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Mem Cognit. 1990 Jan;18(1):83-98.

Selecting analogous problems: similarity versus inclusiveness.

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Department of Psychology, San Diego State University, CA 92182.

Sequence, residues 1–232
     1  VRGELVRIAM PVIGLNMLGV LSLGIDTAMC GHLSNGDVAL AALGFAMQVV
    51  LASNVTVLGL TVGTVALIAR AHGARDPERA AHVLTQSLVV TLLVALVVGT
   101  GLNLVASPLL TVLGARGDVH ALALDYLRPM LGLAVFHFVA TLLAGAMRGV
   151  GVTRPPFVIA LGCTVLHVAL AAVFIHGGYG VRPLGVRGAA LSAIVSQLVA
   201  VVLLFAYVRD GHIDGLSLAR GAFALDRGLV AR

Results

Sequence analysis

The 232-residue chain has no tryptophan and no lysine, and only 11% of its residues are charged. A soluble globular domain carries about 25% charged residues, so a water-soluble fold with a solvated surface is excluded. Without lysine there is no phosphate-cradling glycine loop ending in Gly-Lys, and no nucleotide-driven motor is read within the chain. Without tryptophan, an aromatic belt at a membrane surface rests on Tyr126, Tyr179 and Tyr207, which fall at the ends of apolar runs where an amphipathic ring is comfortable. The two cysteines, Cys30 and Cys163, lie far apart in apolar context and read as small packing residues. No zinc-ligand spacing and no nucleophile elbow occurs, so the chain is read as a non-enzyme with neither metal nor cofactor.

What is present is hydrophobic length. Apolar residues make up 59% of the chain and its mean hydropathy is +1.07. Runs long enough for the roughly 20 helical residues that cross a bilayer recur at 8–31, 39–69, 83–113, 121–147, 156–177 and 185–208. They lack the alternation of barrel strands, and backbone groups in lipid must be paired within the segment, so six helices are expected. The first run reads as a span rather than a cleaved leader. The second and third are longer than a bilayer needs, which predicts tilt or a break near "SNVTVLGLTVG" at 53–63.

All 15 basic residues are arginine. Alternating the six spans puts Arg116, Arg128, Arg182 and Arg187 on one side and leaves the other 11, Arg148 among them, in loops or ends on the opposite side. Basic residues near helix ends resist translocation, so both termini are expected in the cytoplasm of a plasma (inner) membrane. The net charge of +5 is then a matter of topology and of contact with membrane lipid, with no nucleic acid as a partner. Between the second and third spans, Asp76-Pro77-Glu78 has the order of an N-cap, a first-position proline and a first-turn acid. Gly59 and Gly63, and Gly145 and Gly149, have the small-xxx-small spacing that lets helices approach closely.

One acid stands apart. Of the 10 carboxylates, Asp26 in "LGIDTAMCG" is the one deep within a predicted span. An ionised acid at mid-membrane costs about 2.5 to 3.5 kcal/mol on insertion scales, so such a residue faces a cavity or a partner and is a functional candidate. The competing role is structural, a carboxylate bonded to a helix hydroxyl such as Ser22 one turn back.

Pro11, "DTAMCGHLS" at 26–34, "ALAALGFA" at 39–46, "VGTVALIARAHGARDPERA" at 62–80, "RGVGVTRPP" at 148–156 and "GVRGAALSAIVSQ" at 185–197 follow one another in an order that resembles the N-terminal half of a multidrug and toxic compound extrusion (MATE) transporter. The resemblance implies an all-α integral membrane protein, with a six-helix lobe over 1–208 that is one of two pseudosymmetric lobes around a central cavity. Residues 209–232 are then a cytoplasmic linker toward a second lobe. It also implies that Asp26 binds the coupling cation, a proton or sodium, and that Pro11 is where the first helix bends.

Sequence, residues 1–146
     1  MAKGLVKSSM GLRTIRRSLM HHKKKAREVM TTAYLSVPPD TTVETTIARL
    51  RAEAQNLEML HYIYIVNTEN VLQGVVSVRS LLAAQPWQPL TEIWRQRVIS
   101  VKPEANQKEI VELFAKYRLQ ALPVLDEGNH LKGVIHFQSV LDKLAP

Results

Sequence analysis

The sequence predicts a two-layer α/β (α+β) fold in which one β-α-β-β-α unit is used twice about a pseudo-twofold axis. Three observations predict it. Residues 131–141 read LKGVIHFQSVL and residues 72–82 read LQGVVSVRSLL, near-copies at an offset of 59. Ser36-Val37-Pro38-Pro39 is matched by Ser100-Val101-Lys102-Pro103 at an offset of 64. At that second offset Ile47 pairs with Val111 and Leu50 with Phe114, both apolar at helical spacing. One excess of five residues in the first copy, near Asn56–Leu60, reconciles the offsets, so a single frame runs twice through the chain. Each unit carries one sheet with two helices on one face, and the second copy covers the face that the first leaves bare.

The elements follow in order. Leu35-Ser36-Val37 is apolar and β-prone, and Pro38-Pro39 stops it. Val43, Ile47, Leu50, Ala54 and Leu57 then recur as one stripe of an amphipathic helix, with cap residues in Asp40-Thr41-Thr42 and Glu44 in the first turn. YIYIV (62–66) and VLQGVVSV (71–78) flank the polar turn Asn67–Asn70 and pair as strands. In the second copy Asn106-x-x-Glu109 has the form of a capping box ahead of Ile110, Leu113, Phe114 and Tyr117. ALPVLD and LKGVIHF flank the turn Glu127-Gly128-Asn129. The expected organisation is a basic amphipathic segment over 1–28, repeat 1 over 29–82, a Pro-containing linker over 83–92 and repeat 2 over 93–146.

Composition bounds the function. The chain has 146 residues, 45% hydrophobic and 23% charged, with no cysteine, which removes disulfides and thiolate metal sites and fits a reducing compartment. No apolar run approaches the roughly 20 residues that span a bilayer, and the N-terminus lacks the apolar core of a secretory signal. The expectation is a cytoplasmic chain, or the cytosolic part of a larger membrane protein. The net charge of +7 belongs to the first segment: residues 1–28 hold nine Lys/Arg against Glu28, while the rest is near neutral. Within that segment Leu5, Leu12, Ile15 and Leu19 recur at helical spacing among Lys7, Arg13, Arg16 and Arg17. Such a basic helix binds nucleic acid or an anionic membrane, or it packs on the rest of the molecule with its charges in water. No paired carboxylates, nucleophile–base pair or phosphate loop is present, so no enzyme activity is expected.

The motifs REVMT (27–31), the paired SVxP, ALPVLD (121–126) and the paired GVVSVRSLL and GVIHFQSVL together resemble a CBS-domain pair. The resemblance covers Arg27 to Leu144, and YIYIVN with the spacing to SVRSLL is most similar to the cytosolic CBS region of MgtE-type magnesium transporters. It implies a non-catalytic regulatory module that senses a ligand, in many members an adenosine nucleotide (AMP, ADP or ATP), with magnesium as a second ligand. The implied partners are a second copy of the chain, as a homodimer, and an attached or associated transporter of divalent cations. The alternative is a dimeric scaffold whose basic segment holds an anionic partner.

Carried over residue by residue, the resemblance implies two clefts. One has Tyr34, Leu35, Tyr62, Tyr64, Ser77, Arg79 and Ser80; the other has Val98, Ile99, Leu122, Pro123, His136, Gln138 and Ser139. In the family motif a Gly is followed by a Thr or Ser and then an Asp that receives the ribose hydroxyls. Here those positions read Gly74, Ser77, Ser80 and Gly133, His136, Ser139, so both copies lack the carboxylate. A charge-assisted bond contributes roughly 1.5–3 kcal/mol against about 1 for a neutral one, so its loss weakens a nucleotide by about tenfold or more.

Students were asked to select one of two analogous problems in order to solve algebra word problems. In Experiment 1, one problem was less inclusive and the other was more inclusive than a test problem. The students judged the complexity and similarity of problems, selected analogous problems, and used the solutions to solve test problems. They performed significantly better on the test problems when given the more inclusive solutions, but used perceived similarity rather than inclusiveness to select analogous problems. The same pattern of results occurred in Experiment 2, in which isomorphic problems replaced the more inclusive problems. The results show that students are deficient in selecting good analogies, both from the same category (Experiment 1) and from a different category (Experiment 2). Students who saw the analogous solutions (Experiment 3) or were majoring in mathematics (Experiment 4) were more likely to select an isomorphic problem over a less inclusive problem, but were not more likely to select a more inclusive over a less inclusive problem.

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